Terming the 26/11 terror attack as one sponsored by the Pakistan government, the prosecution on Tuesday opened its final arguments in the case, alleging that the neighbouring country's army was also involved in the dastardly attack.
"The conspiracy of the 26/11 attack was hatched on Pakistani soil and the inevitable inference can be drawn that the attack was State-sponsored," Special Public Prosecutor Ujjwal Nikam argued.
According to the prosecution, Ajmal Kasab, the lone arrested terrorist, and his nine slain associates had received military and intelligence training from terror outfit Lashkar-e-Tayiba, which was supervised by certain officers of the Pakistan army.
"Kasab in his confession has said one major general was present during their training and had supervised them. The name of the major general was deliberately not revealed to the attackers as he occupies a senior position in the army," Nikam said.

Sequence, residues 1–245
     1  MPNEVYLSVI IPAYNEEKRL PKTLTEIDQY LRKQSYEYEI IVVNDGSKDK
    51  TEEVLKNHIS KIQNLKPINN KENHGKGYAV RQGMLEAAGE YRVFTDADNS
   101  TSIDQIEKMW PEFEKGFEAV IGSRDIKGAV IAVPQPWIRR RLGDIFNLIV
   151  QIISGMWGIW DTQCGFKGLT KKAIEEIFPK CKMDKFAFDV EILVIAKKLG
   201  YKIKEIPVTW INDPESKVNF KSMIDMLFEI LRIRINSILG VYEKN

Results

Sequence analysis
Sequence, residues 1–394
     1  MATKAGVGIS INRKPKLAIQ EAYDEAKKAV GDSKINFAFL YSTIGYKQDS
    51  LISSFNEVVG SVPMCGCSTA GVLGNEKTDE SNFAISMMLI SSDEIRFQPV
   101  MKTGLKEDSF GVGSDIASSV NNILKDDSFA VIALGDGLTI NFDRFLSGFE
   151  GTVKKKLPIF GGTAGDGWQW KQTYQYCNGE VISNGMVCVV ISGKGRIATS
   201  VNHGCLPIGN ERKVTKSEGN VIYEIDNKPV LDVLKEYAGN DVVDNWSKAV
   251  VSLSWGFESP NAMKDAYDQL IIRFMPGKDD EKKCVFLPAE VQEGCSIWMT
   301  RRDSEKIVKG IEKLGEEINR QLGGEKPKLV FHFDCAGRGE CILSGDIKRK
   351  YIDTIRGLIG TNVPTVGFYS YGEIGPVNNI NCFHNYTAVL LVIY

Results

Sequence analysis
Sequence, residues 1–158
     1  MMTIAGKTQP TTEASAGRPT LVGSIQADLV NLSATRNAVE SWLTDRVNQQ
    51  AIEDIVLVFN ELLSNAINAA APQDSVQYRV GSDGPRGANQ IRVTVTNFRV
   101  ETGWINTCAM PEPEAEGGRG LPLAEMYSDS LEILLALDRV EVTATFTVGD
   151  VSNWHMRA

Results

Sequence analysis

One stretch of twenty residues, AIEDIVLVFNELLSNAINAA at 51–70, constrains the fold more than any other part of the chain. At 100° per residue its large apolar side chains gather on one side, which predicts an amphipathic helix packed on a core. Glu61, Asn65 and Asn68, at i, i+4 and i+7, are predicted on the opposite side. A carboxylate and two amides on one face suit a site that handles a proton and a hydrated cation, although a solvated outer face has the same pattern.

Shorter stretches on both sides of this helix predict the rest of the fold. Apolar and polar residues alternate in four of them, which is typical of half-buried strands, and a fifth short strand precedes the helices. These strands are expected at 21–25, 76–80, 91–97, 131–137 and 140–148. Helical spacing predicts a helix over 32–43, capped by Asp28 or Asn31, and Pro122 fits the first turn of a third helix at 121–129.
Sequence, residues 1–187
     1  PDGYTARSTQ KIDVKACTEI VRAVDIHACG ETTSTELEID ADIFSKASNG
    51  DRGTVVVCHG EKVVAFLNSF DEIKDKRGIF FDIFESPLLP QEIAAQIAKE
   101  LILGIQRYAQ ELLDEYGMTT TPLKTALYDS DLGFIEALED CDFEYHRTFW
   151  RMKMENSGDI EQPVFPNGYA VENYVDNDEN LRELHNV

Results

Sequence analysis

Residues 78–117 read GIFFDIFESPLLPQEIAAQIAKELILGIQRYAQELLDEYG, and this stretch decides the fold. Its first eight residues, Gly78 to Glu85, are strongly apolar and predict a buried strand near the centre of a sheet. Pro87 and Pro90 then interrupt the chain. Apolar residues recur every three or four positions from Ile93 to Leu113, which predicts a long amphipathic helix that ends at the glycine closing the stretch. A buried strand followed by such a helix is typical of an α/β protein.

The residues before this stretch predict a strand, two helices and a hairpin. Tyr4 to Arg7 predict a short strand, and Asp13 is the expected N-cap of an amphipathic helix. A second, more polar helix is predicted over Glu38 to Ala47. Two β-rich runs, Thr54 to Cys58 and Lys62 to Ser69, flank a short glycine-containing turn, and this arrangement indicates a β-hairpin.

Alleging that the LeT and the army were hand-in glove, the prosecution said a deliberate attempt was also made to conceal Pakistan's involvement in the attack.
"The attackers were given fake identity cards under fictitious Indian names. One of the terrorists, Imran Babbar, had contacted a TV news channel and had claimed that he was from Hyderabad in India," Nikam argued.
The main conspirators had directed the terrorists not to reveal their true identities and nationalities, to see to it that Pakistan's name does not emerge in the attack.
"Till date, Pakistan has refused to take responsibility for the attacks and has not yet claimed the bodies of the nine slain terrorists," the prosecutor said. Nikam further argued that the VOIP accounts opened prior to the attacks was paid by a Pakistani national by name Mohammad Iqbal.
On the two arrested Indian nationals -- Faheem Ansari and Sabauddin Ahmed -- Nikam argued that although their role was to only prepare and supply maps of the terror sites to the LeT, the duo was aware of the conspiracy.
Kasab, Ansari and Sabauddin are facing a trial for their alleged involvement in the 26/11 terror attack case, which killed 166 persons and injured several others. Meanwhile, Sabauddin's lawyer Ejaz Naqvi today filed an application seeking to stay the trial, stating that not more than three cases can be clubbed together.
Special Judge M L Tahiliyani, however, rejected the application, stating that it was frivolous.